KIRKUS Reviews: Midnight Sleeper Book 1 / Visions of the Jazz Age
“In 1925, whites are lynching African-American men in Mississippi, speakeasies are doing a bang-up business in New York City, and trains with elite Pullman porters bind the cities together in this mystery. Lomax (Stand Your Ground, 2015) begins his tale with the real-life killing of Lindsay Coleman, in Clarksdale, Mississippi. Lindsay’s best friend, and the main character of this novel, is Beau LaHood, a highly respected, veteran Pullman porter. The real murderer appears to have escaped on Beau’s train, the Yellow Dog, which is heading north. Also on the train is the ravishing, crafty Shelby Prevette, the daughter of a very rich plantation family. Is she trying to escape the murderer, Marston Cobb, who’s also abused and threatened her, or is she up to something else? Then there’s her equally striking cousin, Zola, a nurse embittered by her World War I service. As character introductions pileup, readers wind up in the Big Apple in the midst of Prohibition, complete with cameo appearances by writers Robert Benchley and Dorothy Parker and speak-easy owner Texas Guinan. Meanwhile, the quietly competent Beau holds thestory together. The train setting becomes a wonderful narrative device, featuring scenes reminiscent of those in many a French bedroom farce. Later, tension builds as the Twentieth Century Limited roars west toward Chicago packed with New Year’s Eve revelers. Almost everyone has a secret (or a secret agenda), and readers learn some startling things about Shelby…Lomax has a knack for memorable phrases; one character, for example, has “a face as long as a sermon,” and another “smiled the way a crab crawls.” The author also has a gift for the sort of wiseacre repartee that one imagines people speaking in the Roaring ’20s. Period details, meanwhile, are spot-on. Lomax has clearly done his homework. But it isn’t all wit and sparkle: the Mississippi chapters sickeningly show how black men were forced to be deferential under threat of death. Lomax keeps the plot (and readers) hopping in this quirky novel.”
KIRKUS Reviews: MIDNIGHT SLEEPER 2 / KISS ME DEADLY
“The ’20s are still roaring, the rotgut is still flowing, and the Jazz Age is still going full blast in this sequel—join the party, kiddo. Let’s start with blackmail. A sleazy character shows up at the Prevette plantation in Clarksdale, Mississippi, with a compromising photograph and demands hush money from Shelby Prevette’s father, Addison. But that is just the tip of the old iceberg. Switching to New York City, readers again meet the formidable Shelby—19 years old, whip-smart, inscrutable, and fashionable (“Shelby entered the reception area wearing an authentic Mariano Fortuny velvet, silk, and metallic brocade overcoat that was a blowout of green, yellow, blue, and red landscape imprints that managed to perfectly weave fantasy into glamor by color shaping chaos into daydreams”). Soon audiences are hip deep in the sort of thugs that Prohibition was so good at enabling. Artemus Cummins, who does not blink at homicide, is bent on expanding his rumrunning operation. Al Nachman, Esq., the Prevette family fixer, is on the case (and no one is a match for Nachman). Beau LaHood, Pullman porter and now Nachman’s henchman, is back. A new character is young Gideon Remley, shady at first but eventually one of the good guys. The plot does not just thicken, it congeals; but suffice to say, there is murderous mayhem past the 12-mile limit, Irish Republican Army skulduggery, and assorted other violent diversions. Lomax (Midnight Sleeper, 2016) is clearly enjoying himself. For one thing, his descriptions of the artifacts of the era—cars, fashions—show such a curator’s delight that one suspects that the man feels he was born too late. The scene where Nachman is toying with a hapless, sweating man named John Smith is priceless. And how is this—“Thom Burke reached for” the dispatcher’s book, “but the unfinished business of dying reached him first”—for hard-boiled poetry? Or: Shelby “wore a camel hair men’s double-breasted polo coat, and she took all the man out of it.” Yes, the style dances on the edge of parody. Which is what makes it such fun. This volume is just as engaging as Midnight Sleeper 1, and it’s a good bet that Book 3 will be as well. The author has a great thing going here. This entertaining Prohibition tale is the bee’s knees.”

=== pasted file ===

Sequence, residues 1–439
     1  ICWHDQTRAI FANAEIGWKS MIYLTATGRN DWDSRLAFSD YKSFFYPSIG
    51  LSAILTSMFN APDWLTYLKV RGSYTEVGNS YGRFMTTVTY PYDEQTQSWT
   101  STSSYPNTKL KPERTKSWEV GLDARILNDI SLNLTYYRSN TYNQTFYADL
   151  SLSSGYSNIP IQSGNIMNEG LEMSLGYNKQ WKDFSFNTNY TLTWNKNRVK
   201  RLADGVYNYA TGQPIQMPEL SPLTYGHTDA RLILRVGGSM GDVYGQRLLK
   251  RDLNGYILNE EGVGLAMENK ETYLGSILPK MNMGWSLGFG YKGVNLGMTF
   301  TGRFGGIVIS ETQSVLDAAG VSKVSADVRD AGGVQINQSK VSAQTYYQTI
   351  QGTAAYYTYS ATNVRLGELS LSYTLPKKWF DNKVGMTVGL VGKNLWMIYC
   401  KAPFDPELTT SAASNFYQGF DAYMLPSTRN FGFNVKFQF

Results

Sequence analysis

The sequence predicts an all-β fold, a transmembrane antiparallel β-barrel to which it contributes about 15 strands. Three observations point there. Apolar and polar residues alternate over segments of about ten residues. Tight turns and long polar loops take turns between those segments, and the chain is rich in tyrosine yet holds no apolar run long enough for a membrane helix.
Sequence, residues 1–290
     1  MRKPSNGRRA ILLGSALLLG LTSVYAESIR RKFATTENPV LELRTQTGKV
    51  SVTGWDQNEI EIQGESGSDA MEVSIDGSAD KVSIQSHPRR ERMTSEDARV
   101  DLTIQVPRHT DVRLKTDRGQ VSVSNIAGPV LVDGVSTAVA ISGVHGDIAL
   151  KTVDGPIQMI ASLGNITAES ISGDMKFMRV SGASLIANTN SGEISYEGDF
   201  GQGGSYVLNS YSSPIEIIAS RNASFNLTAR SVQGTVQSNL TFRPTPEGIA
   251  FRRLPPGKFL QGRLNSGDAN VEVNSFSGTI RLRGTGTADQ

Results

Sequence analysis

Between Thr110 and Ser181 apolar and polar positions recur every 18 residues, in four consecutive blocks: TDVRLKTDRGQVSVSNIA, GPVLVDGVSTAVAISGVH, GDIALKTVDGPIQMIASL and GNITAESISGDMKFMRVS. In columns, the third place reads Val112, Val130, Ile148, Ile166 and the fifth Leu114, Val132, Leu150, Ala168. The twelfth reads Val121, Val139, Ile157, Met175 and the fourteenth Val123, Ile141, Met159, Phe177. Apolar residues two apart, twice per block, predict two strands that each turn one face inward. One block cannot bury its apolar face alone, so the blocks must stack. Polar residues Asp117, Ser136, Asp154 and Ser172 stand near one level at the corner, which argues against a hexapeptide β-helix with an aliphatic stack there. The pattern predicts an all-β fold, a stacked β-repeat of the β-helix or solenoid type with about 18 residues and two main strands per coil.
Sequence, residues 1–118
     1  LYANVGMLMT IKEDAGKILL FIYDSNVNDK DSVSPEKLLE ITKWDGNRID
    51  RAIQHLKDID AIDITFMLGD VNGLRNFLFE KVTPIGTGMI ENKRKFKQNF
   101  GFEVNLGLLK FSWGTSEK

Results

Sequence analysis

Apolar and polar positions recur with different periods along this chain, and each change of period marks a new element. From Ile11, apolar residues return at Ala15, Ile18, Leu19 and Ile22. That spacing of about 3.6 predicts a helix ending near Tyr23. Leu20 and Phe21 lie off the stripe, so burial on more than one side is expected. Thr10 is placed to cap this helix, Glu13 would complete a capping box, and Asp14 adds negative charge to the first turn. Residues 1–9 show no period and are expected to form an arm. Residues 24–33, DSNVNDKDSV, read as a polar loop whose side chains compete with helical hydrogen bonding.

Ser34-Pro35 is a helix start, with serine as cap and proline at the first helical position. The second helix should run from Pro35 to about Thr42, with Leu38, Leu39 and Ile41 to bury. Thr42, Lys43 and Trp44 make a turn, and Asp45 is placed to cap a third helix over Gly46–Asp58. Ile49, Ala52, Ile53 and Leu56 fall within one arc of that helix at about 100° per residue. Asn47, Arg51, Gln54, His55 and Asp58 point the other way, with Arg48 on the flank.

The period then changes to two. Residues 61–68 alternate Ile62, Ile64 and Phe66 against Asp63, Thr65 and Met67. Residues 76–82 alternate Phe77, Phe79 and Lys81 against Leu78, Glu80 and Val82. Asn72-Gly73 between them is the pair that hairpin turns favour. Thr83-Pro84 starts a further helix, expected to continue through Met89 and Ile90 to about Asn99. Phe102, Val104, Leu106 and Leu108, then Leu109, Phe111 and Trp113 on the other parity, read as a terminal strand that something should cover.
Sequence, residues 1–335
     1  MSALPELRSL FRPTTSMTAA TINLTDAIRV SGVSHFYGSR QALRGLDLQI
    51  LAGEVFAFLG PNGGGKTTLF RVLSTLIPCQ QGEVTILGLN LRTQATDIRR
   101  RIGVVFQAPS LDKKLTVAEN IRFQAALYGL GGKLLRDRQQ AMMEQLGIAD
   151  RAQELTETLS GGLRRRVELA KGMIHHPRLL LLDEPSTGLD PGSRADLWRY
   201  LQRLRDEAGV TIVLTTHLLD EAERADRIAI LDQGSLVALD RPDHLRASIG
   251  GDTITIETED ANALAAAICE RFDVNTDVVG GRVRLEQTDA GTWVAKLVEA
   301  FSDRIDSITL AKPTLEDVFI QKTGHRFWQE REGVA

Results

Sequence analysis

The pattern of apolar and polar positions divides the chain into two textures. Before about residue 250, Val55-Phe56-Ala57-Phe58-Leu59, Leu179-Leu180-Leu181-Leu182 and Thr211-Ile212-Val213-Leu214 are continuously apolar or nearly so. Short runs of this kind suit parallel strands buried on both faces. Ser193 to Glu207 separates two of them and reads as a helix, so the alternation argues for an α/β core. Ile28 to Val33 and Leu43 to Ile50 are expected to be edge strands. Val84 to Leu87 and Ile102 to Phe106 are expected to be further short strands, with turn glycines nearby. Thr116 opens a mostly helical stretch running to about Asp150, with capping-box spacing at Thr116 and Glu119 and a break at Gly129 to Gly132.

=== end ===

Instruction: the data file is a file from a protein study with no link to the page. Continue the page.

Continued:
THE PREQUEL TO THE MIDNIGHT SLEEPER SERIES.
GREED. LUST. POWER HUNGRY PEOPLE. AND A GUN LAW THAT GOES NUTS.
Kirkus Reviews: STAND YOUR GROUND THE NOVEL BRIMS WITH CRIMINALS AND SEEDY TYPES, WHICH LOMAX OFFSETS WITH HIS TWO SYMPATHETIC CONVICT MAIN CHARACTERS…THERE’S A LOT OF STEALING GOING ON, BUT IT’S ALL GLEEFULLY DIVERTING…LOMAX KNOWS TO KEEP THE PLOT MOVING…THE CLIPPED PROSE HUMS ALONG, GENERATING A BLUNT, EDGY MOOD.”
by Michelle Kaye-Malsbury: "Stand Your Ground: legal premise sets the stage for this witty thriller...Obviously Raeder Lomax has a gift for writing."
AMAZON READER More than meets the eye!
By William Pickett on April 23, 2016 VERIFIED PURCHASE
"When I finished reading Stand Your Ground, I immediately went to the first page and started reading it again. As other reviewers have noted, it is easy to read, and the story itself is so interesting and intriguing that it moves quickly, but the apparent simplicity and the remarkable verbal economy of Stand Your Ground is deceptive: there are threads of meaning and terse, yet Proustian, imagery that wind through the book inviting contemplation, and that therefore must be revisited. Nothing about this book is as simple as it seems. Lomax takes us exploring without our realizing it at the time we are doing it. Looking back, I wonder how he manages to convey so much with so little. The playwright, the novelist, the poet, and the photographer will all recognize aspects of their talents in this book. I very much look forward to reading the prequel, due in 2016!"